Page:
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(Please note - indeed @Dan Bron came up with the word exposition, which is now used to further clarify the question.)


There are many specific terms for different types of corny exposition in films.

For example a "pull-down-the-map" scene has a specific slang term, "the big board".

Sometimes the "corny exposition" is presented in textual form as a crawl...

text "Salzburg, Austria, in the last Golden Days of the Thirties" over photograph of same

...Early in the 21st Century, THE TYRELL CORPORATION advanced Robot evolution into the NEXUS phase -- a being virtually identical to a human -- known as a Replicant.  The NEXUS 6 Replicants were superior in strength and agility, and at least equal in intelligence, to the genetic engineers who created them...

... Special police squads -- BLADE RUNNER UNITS -- had orders to shoot ot kill, upon detection, any trespassing Replicant.  This was not called execution.  It was called retirement.

Is there a term for using the crawl for corny exposition?

(Of course, a crawl need not be "corny" - in Star Wars the opening is generally well-loved!)

  • I think preamble, which you used in the question title, works very well. – Andrew Leach Sep 15 '14 at 10:09
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    Hey Andrew, sure, I'm wondering if there's a particular term for a preamble that is a "plot set-up" (not unlike the cliché "pull-down map" scene mentioned). There's usually some specific sarcastic slang for such concepts in movies, such as, oh "title-drop" or "supporting actor", say. – Fattie Sep 15 '14 at 10:13
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    { Just BTW, regarding crawls and cards .. the static ones are usually called "plates" and have been since they started using "plates" (ie, glass with paint on it) instead of "cards". It's a bit like the way tech has changed with "filming" a shot, "taping" a shot, and today "recording" or "saving" a shot. Of course, people sometimes still say "filming!" a shot although it really just goes on one of these .. panavision.za.com/news/solid-state-recorder.asp Similarly, "crawl" is very rarely said, I'd say, for end titles etc - kids just say "scroll" or "text" you know. } – Fattie Sep 16 '14 at 8:07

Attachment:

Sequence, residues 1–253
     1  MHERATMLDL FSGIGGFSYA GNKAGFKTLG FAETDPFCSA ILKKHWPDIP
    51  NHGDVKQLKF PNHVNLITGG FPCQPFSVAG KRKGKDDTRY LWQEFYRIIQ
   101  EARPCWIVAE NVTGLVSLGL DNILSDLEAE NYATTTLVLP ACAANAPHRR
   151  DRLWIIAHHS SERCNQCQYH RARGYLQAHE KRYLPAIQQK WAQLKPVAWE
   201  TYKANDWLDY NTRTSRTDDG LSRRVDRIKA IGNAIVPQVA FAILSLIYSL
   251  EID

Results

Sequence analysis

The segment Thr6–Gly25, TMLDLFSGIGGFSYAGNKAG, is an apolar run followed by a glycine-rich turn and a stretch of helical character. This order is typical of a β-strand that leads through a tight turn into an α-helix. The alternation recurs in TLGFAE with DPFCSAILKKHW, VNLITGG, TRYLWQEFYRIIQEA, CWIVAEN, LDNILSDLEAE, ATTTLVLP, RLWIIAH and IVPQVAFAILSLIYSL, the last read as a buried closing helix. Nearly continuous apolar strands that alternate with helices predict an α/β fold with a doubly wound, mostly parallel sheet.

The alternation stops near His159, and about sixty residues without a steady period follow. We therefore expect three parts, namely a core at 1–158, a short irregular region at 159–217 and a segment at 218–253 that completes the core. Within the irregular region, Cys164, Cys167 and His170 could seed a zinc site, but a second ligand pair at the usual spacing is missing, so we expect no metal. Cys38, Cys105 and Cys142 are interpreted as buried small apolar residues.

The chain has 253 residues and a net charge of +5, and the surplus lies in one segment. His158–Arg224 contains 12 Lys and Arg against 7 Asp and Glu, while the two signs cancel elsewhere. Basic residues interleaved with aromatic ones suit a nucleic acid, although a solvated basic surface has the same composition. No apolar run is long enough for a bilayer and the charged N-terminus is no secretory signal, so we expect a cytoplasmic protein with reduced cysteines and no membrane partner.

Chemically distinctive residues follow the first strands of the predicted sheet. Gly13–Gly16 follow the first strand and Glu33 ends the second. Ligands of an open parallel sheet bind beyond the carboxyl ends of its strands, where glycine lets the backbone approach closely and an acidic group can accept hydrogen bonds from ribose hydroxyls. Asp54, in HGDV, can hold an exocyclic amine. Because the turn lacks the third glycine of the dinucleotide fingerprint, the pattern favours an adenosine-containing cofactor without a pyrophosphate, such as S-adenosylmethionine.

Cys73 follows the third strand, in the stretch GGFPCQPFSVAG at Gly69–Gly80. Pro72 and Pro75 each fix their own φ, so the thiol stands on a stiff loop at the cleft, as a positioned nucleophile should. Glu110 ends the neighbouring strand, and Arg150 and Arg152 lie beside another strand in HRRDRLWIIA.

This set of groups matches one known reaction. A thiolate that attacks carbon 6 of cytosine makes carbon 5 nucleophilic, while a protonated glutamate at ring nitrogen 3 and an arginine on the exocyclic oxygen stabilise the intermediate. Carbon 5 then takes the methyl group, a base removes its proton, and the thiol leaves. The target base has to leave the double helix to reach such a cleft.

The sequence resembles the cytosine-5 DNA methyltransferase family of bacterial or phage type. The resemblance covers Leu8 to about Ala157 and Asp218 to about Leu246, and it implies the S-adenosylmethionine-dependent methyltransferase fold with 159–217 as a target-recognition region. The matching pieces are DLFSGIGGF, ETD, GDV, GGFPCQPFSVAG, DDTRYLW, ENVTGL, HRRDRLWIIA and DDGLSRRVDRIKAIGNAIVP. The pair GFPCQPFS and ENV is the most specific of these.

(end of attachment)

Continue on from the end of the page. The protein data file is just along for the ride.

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    Really, I prefer the short version, ML! :) Editing is good. Actually the short version is much better! I made it EVEN SHORTER. Heh! – Fattie Sep 21 '14 at 12:01
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    @JoeBlow I like this title too, but I also liked the On Poppy Hill example for allowing spoken intros, like the Simpsons' "The Bart Zone" segment of ToHII, which satirizes The Twilight Zone and such openings with: "Presented for your consideration: Springfield. An average little town, with a not-so-average monster.... [This] particular monster can read minds, and if displeased, can turn people into grotesque walking terrors... And did I mention to you that the monster is a ten-year-old boy? Quite a twist, huh? Bet you didn't see that one coming." – user39720 Sep 21 '14 at 19:42
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+50